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Madness

Eighteenth Century Minting Technology & Techniques

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I'd like to learn more about the way in which coins were manufactured in eighteenth century Great Britain prior to Boulton's Soho Mint.  My area of interest extends from design to distribution and every step in between.  The following would be particularly useful:

  • Suggestions of resources from credible sources, either printed or online
  • Images of equipment used in their production, such as dies/punches/matrices/collars etc
  • Your personal knowledge (with attribution if possible)

Thank you!

 

Edit:

My interest was piqued by these two articles:

The 1787 Shilling - A Transition in Minting Technique

The Striking of Proof and Pattern Coins in the Eighteenth Century

 

Edited by Madness

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Coins 728x90

The British Numismatic Journal would be your place to start. A few years ago, someone here put a link up to their entire online resource / archive including index ("of sorts") - hopefully someone will remember and point you to the right place.

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2 minutes ago, Peckris 2 said:

The British Numismatic Journal would be your place to start. A few years ago, someone here put a link up to their entire online resource / archive including index ("of sorts") - hopefully someone will remember and point you to the right place.

Thanks.  Have been reading their journal over the past couple of weeks and edited my first post to show two relevant articles I enjoyed.  Hoped that someone could suggest other sources.  

Edited by Madness

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I previously linked this BNJ article by Dyer & Gasper concerning late eighteenth century minting processes.  Here are a few points I found interesting:

1. They attempt to determine the manufacturing techniques by examining the coins, dies, punches and matrices.  This suggests that there are no detailed contemporary accounts of same.  I imagine the Tower Mint wanted to keep things close to their chests!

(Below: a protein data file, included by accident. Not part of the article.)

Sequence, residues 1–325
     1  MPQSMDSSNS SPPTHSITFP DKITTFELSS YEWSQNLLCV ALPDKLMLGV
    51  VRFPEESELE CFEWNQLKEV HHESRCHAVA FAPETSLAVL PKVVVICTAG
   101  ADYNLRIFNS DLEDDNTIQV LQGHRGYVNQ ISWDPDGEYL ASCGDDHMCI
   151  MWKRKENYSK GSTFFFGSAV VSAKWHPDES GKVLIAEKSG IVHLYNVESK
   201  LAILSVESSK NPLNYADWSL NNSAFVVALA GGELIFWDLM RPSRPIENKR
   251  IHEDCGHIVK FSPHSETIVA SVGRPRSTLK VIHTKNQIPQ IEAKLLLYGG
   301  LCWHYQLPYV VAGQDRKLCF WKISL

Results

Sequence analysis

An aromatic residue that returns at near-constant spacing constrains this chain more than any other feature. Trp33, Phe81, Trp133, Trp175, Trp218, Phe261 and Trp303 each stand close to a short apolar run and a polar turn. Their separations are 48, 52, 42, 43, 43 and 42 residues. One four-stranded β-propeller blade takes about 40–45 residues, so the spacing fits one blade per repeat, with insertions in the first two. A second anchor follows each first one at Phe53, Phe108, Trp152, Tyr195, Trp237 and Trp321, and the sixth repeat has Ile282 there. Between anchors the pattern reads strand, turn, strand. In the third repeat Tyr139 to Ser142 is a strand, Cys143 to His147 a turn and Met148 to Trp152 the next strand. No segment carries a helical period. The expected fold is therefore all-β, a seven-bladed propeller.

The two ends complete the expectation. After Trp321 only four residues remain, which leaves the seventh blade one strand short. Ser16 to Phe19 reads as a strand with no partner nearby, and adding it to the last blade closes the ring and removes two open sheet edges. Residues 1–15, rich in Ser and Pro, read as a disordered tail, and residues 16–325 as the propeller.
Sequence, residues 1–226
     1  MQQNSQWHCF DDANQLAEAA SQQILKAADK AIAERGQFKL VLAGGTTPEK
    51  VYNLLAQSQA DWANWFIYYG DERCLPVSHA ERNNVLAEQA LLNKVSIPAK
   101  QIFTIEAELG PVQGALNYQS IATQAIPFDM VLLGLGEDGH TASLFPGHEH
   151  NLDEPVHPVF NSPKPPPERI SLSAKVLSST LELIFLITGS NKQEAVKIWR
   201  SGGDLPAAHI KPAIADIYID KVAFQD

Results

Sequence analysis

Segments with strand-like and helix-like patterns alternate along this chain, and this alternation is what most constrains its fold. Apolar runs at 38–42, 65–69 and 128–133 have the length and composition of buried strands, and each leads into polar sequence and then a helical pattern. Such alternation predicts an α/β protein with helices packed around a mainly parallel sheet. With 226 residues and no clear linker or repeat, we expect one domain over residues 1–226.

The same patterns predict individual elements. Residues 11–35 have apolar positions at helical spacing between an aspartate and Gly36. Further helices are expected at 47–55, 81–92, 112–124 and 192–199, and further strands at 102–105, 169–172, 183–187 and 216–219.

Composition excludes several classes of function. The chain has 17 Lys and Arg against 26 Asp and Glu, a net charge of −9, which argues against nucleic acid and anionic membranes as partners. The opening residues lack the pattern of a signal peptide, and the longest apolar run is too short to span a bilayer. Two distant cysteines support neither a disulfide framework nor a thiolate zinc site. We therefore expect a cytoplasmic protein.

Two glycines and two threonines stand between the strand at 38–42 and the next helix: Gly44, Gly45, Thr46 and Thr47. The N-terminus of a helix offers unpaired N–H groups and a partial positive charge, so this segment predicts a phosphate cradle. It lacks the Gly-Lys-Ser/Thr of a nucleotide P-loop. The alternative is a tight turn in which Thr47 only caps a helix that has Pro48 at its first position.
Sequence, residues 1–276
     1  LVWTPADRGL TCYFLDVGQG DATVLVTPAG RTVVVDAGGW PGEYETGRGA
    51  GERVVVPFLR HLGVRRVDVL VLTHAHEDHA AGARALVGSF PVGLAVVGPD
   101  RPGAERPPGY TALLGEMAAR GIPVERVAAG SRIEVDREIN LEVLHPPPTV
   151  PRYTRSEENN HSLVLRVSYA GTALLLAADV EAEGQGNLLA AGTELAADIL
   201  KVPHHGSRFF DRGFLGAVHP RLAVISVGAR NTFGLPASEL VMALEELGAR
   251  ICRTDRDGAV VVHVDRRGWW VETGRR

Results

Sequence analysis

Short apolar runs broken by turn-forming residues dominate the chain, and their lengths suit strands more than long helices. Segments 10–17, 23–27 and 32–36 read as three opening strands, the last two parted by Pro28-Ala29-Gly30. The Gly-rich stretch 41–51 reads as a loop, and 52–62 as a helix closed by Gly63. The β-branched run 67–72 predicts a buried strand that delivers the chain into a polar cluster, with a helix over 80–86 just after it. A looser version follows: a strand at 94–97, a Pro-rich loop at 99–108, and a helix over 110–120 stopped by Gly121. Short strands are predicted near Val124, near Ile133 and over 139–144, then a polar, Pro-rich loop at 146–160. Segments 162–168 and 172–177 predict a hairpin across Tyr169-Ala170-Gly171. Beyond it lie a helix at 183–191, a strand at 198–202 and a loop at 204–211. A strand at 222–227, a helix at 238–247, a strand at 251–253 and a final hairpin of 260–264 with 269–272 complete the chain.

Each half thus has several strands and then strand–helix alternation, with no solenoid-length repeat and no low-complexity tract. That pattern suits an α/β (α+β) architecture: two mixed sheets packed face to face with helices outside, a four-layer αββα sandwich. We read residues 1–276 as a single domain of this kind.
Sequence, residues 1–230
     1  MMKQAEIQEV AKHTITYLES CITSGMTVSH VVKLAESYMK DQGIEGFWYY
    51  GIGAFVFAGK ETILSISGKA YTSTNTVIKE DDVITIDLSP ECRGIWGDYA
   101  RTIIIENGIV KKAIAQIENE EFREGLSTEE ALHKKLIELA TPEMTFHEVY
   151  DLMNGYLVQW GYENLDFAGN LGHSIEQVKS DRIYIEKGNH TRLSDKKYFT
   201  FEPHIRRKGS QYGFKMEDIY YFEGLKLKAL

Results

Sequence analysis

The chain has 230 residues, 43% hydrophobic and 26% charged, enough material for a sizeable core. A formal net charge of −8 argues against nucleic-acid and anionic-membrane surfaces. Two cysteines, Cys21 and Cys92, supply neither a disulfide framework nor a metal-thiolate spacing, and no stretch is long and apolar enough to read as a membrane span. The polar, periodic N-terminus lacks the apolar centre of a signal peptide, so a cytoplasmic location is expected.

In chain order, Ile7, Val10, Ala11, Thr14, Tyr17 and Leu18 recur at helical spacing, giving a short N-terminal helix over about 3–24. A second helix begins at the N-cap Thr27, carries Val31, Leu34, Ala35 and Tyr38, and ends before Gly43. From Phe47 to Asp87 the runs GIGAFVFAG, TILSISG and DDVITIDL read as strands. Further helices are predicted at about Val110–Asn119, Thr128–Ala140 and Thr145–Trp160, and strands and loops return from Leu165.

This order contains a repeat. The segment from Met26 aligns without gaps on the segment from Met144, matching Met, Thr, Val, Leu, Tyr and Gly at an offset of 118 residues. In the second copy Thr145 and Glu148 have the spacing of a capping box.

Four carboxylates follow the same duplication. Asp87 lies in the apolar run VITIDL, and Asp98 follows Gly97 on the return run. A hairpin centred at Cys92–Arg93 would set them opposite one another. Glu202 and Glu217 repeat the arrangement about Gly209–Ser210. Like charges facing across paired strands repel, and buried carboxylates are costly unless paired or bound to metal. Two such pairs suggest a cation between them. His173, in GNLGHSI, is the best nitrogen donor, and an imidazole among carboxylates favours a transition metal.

2. Proofs and patterns were minted using a collar whereas circulation coins were not

3. The square letter bases we see on proofs of the time result from the use of collars.  The bifurcation we see on letter and number fonts is a result of the manufacturing technique, not the use of a different font.  Because no collar was used to restrict the outflow of the metal, it oozed out the bottom of the letters on the dies thus producing the fishtails.  They claim to have experimentally verified this.

Point 3 seems very odd to me.  Maybe I'm misunderstanding what they say.  Does anyone have anything to add to this?

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Point 3 is perfectly logical. If for example you start out with a blank of whatever dimensions and strike a coin using a flypress without collar, then any pressure applied to the faces which imparts the design will cause the thickness to reduce and the diameter to increase. Just like putting a penny on a railway track and letting a train run over it. If the diameter didn't increase, all the metal flow would have to be into the dies to impress the design onto the blank or to increase the density of the metal (which is never going to happen with the limited forces at your disposal, as it would require a complete breakdown of the metal's crystal lattice structure). As the blank is unrestrained, the metal therefore flows out the sides (as well as impressing the design).